It was recently suggested that the Labour Party should sever its ties to the trade union movement. This is daft. The Labour Party was created by the trade union movement. In power we need to govern for the whole country, but to remain true to our roots and work for social justice we need to pay particular attention to the needs of union members and other working people. This doesn’t mean unions should dictate Labour policy, but it does mean that we should take time to listen to their perspective and have an answer when they suggest that Labour policy could harm, rather than help, union members.
It therefore matters that the TUC is firmly behind staying in the single market, arguing that leaving would be a disaster for jobs, wages and workers’ rights. This isn’t a dogmatic, ideological decision made by people unwilling to hear both sides of the argument, but the result of a real examination of the results of leaving for the British economy, given more credence by the government’s own economic assessments.
The TUC set five tests for any Brexit deal that must be met to protect working people. These include trading with the rest of Europe “so that businesses do not pull out of the UK, and continue to invest here in the creation of high quality jobs”, protecting the Good Friday Agreement and ensuring that British workers benefit from new increases in European social rights.
The government remains committed to leaving the single market and customs union. The Labour Party has recently take the welcome step of committing to a customs union, but is still undecided on membership of the single market, despite the evidence of the harm leaving would cause to businesses and workers.
There are no realistic suggestions of a trading relationship with the EU that could replicate the benefits of full single market membership, or even come close. As the TUC’s Frances O’Grady said: “Membership of the EEA would mean we can leave the EU but keep the benefits of the single market. It’s still the only current option we see that passes the tests for working people. Time is running out, and ministers have not yet put forward a realistic alternative.”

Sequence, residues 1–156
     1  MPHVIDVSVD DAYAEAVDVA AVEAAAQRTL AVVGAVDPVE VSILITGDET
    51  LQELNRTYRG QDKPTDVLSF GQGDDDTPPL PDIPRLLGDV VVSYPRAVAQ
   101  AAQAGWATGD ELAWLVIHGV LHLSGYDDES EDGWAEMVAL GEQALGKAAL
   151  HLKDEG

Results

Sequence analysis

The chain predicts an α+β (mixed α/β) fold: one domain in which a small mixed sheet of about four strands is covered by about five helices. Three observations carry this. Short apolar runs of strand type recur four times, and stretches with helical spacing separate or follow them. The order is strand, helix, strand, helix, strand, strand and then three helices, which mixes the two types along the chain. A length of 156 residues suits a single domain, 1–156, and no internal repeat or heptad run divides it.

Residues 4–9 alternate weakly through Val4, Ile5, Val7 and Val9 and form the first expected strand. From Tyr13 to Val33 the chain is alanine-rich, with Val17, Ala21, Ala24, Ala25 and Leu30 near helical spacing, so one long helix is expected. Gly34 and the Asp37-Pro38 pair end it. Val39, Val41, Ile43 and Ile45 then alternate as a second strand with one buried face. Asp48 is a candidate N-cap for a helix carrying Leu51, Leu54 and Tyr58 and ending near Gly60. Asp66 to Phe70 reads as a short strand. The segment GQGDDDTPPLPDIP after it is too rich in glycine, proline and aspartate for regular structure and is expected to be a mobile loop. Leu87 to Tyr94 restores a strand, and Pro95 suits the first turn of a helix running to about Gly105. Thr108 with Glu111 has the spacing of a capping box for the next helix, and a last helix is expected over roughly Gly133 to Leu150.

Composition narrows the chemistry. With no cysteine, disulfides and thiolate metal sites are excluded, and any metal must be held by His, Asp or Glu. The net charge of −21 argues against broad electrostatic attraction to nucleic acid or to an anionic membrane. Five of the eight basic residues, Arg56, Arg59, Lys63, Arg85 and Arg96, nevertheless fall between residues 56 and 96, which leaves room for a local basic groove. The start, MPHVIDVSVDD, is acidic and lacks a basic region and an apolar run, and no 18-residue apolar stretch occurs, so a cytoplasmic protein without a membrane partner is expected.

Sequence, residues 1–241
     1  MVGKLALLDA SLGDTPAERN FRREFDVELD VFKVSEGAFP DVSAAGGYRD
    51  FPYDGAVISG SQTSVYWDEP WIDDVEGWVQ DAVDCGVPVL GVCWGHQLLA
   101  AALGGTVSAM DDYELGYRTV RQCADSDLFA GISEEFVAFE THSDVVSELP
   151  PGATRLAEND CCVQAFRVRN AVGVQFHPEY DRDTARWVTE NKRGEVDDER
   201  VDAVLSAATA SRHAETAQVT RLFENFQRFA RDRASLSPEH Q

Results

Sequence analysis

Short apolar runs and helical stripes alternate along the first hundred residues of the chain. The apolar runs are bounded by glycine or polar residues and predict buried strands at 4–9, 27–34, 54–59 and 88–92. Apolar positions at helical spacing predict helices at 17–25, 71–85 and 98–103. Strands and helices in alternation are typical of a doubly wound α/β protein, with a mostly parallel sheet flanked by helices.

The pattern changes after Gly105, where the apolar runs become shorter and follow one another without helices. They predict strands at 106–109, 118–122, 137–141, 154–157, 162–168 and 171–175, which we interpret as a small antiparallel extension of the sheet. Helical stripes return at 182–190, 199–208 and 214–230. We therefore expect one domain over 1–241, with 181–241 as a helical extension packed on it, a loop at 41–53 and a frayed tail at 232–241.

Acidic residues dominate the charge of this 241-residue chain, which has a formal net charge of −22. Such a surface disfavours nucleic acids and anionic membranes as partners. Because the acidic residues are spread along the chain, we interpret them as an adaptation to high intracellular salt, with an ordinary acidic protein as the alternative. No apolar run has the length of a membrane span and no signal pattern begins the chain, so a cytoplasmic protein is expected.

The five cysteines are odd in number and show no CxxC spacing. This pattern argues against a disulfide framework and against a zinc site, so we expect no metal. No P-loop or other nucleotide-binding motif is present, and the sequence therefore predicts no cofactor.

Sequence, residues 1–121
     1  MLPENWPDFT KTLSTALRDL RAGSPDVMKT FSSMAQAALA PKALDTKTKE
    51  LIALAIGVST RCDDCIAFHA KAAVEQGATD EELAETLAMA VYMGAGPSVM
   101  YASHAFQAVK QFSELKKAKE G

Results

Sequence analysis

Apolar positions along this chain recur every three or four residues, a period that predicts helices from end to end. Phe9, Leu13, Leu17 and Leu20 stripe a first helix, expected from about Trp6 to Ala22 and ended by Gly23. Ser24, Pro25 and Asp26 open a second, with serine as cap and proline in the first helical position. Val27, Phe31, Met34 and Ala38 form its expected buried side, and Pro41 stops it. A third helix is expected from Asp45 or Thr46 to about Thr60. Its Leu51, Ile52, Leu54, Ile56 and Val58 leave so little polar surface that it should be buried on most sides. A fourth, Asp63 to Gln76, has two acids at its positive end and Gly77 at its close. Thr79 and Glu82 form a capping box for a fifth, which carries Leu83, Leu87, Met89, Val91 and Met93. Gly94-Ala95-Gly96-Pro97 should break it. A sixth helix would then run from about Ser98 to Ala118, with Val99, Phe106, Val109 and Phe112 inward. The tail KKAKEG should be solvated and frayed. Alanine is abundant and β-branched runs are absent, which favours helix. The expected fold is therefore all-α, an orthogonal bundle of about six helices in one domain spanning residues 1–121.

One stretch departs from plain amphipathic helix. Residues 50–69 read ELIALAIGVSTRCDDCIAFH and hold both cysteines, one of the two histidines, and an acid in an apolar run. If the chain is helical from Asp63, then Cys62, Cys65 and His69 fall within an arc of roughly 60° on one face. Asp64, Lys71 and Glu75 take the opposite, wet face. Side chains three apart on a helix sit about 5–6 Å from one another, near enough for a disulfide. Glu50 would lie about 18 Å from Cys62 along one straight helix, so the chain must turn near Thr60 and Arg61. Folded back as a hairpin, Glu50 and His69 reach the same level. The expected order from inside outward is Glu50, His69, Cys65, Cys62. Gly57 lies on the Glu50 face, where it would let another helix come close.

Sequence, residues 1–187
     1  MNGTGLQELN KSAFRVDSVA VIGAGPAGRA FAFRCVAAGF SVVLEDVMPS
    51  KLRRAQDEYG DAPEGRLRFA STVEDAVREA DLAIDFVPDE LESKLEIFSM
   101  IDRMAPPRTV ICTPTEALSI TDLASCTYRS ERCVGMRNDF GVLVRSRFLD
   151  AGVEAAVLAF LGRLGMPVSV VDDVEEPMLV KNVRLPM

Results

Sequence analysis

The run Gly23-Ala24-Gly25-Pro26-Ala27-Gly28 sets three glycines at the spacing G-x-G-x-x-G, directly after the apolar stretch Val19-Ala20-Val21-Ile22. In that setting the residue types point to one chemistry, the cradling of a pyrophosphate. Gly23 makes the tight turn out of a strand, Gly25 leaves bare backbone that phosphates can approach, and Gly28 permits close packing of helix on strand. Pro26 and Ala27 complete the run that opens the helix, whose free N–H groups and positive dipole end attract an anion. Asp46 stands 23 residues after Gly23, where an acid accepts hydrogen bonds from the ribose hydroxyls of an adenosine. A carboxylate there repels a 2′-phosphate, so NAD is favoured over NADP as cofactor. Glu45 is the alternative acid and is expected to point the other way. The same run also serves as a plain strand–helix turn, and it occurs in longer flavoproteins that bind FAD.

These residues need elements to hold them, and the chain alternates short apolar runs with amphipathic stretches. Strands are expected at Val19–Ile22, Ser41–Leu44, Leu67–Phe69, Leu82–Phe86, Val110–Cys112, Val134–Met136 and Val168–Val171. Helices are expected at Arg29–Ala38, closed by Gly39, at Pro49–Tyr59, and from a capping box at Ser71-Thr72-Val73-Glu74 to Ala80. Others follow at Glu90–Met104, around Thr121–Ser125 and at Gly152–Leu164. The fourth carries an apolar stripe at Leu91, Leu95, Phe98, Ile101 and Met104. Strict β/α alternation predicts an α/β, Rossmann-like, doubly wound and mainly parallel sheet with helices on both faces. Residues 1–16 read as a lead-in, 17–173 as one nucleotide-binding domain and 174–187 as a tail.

There are those who argue that staying in the single market would be hard for Labour MPs to justify, but this ignores the fact that the referendum was at the time explicitly about the political programme, not trade and economic integration. During the referendum campaign, many Leavers stated repeatedly that leaving the customs union and single market weren’t on the table – they famously wanted to be part of the economic union but not the political one. Once the referendum was won they saw their chance to funnel us in to their low tax, low regulation dystopia; in all likelihood eroding workers’ rights and environmental protections. There’s nothing left wing about leaving the single market – quite the opposite. Continued membership of the single market – more accurately called a social market – would protect us from a dangerous low regulation future.
A belief in democracy and the fact that single market membership was not part of the referendum question should have us fighting to protect our membership. Just as important, in the Labour Party a belief in the right of working people in Britain to have access to secure, safe and regulated employment should make this an easy choice. Yes, if we choose to stay in the single market Labour MPs will face questions on the Today programme, Question Time and from their constituents. However, these are questions that can be answered by appealing to the very core of what it means to be Labour – wanting to live in a country where the needs and rights of working people are a real priority.
Brexit is not important for its own sake. It is important because of its potential consequences for all working people and families in the UK. The Tories are making a complete mess of it – it’s up to us to put people’s security and future’s first, showing our readiness for government in the process. If Brexit is to go ahead it should be done in the way least likely to damage people’s livelihoods – though the two per cent loss of national income in the government’s own impact report, and potential impact on national security, should rightly make us question the validity of the whole project.
At this point in the debate, making clear that workers’ rights and jobs are not negotiable and backing single market membership to prove it should be Labour’s clearly stated policy. There would likely be an electoral benefit, but above all it’s the right thing to do for the people the Labour party was created to represent.
Nick Donovan is a member of Labour’s National Policy Forum. Mike Buckley is vice-chair (policy) of Labour’s Socialist Societies.